Let me bring to our attention the need for our own congregations to receive such visits from the King. There is plenty of fishing to be done week in and week out in our own churches. We too need to be reminded of the authority of Jesus Christ. May we see our need to be both disturbed and comforted by his presence.
Jesus, as was his custom (Luke 4:16), gathered each Sabbath with the congregation of God’s covenanted people. Mark breathlessly brings this to the forefront when he writes, “And they went into Capernaum, and immediately on the Sabbath, he entered the synagogue.”
The word “synagogue”speaks of an assembly of persons or a gathering. The synagogue was established during the Babylonian exile. Having been separated from their beloved Jerusalem, and therefore cut off from access to the temple, Jewish people would gather for weekly singing of Psalms, prayers, and reading of the Torah followed by exposition of the text. This was vital in order to maintain their religious and cultural community. Eventually, special buildings were erected for this purpose, and hence the proper name “synagogue” referred to these (much like we often use the word “church” to describe our meeting place). For a synagogue to be properly constituted and to function, ten Jewish males were required. (This is still the case today. A sister church in another part of our country hires the side hall of a synagogue, which is defunct because there are insufficient Jewish men to formally constitute the synagogue.)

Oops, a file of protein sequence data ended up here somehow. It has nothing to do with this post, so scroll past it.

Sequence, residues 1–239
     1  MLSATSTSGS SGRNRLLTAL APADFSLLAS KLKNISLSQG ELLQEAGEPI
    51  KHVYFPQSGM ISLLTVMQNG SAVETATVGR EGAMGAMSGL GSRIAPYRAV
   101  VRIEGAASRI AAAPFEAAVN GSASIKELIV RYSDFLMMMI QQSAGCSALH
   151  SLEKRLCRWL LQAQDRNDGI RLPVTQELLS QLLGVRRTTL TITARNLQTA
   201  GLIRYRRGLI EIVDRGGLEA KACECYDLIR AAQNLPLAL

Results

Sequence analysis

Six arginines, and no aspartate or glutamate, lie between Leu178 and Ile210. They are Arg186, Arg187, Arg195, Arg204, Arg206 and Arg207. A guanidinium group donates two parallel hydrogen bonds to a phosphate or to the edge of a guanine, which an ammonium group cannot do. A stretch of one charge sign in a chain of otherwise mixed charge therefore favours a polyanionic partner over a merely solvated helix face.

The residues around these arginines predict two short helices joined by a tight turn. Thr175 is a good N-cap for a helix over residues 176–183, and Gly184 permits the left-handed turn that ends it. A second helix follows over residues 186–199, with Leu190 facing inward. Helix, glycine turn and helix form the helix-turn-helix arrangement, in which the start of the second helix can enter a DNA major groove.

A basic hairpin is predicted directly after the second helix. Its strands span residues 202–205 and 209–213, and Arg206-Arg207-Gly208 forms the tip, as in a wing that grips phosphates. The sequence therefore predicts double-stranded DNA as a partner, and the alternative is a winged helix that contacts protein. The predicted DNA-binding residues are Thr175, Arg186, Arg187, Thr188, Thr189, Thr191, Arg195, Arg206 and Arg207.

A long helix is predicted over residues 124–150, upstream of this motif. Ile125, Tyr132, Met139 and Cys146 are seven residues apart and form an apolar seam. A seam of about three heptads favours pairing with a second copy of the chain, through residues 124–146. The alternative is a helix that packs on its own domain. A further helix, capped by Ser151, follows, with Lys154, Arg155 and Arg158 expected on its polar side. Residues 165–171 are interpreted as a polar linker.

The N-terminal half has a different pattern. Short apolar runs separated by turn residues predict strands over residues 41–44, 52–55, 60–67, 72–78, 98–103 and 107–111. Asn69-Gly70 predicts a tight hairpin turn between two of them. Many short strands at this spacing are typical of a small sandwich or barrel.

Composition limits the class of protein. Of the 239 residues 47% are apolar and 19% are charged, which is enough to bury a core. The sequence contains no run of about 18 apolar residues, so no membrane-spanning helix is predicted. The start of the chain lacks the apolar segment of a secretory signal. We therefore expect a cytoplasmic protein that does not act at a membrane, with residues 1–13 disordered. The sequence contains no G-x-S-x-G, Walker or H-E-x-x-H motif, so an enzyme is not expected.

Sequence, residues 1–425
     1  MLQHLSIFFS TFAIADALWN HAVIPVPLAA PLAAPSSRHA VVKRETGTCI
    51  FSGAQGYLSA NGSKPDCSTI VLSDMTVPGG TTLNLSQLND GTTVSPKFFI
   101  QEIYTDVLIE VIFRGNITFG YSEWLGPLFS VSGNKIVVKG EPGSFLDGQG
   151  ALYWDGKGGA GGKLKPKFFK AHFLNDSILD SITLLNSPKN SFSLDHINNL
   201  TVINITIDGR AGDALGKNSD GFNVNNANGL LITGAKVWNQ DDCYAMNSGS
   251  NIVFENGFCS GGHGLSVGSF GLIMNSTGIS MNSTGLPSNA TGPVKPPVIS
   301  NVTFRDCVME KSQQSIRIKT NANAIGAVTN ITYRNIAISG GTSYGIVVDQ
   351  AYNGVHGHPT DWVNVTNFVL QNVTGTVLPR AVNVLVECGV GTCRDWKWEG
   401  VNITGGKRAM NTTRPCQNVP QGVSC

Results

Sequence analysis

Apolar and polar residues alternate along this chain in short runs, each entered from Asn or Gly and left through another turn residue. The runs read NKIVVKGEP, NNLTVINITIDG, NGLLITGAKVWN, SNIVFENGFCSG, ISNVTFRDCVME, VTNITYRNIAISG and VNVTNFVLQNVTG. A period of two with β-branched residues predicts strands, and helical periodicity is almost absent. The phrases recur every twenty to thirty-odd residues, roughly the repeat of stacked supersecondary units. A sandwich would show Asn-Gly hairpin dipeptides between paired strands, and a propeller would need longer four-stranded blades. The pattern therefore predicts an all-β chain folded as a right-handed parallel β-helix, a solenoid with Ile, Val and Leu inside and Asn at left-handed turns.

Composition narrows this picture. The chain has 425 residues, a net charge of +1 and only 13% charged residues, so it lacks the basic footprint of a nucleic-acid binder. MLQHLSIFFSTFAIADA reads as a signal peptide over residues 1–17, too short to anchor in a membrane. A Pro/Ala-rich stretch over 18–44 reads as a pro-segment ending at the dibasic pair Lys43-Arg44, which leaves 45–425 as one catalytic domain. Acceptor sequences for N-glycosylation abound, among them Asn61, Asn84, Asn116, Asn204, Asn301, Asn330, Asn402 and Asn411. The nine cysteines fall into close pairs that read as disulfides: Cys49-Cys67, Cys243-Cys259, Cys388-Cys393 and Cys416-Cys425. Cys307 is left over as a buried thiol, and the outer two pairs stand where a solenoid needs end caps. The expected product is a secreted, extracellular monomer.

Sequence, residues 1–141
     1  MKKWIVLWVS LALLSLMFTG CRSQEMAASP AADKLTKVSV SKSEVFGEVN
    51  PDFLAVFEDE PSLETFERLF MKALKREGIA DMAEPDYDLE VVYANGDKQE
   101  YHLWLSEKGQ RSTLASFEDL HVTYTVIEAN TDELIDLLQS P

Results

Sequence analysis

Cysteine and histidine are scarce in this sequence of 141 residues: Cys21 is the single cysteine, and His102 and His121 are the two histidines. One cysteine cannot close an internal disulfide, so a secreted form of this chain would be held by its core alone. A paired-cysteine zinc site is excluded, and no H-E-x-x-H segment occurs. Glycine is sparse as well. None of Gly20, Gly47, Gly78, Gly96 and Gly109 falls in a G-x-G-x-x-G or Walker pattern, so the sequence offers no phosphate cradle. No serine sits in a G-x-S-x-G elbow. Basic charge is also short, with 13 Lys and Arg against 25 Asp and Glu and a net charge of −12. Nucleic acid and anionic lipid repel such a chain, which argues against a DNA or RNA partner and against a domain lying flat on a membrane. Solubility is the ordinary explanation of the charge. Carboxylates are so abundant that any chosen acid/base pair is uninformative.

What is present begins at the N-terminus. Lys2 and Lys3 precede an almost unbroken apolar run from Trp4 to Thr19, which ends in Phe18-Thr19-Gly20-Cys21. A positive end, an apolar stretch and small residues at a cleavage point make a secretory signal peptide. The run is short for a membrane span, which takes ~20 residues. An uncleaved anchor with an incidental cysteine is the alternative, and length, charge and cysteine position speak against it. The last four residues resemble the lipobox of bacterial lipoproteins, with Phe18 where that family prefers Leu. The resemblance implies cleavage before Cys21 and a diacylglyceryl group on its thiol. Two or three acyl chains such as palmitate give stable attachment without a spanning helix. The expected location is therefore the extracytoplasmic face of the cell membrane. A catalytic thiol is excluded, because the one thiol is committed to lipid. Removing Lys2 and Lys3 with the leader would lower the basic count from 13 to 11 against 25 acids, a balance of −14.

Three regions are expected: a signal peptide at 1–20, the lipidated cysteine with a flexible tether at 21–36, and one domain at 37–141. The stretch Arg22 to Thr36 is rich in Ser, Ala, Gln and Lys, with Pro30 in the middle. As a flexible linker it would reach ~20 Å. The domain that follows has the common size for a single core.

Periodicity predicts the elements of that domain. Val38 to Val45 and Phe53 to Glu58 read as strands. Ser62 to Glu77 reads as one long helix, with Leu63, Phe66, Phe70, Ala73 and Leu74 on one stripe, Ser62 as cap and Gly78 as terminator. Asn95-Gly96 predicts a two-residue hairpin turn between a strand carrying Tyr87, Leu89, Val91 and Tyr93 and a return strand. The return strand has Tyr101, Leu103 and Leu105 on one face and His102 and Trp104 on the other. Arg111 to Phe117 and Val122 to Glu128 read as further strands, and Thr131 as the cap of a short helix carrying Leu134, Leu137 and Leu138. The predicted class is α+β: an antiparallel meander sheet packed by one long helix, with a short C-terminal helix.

An Inglorious Gathering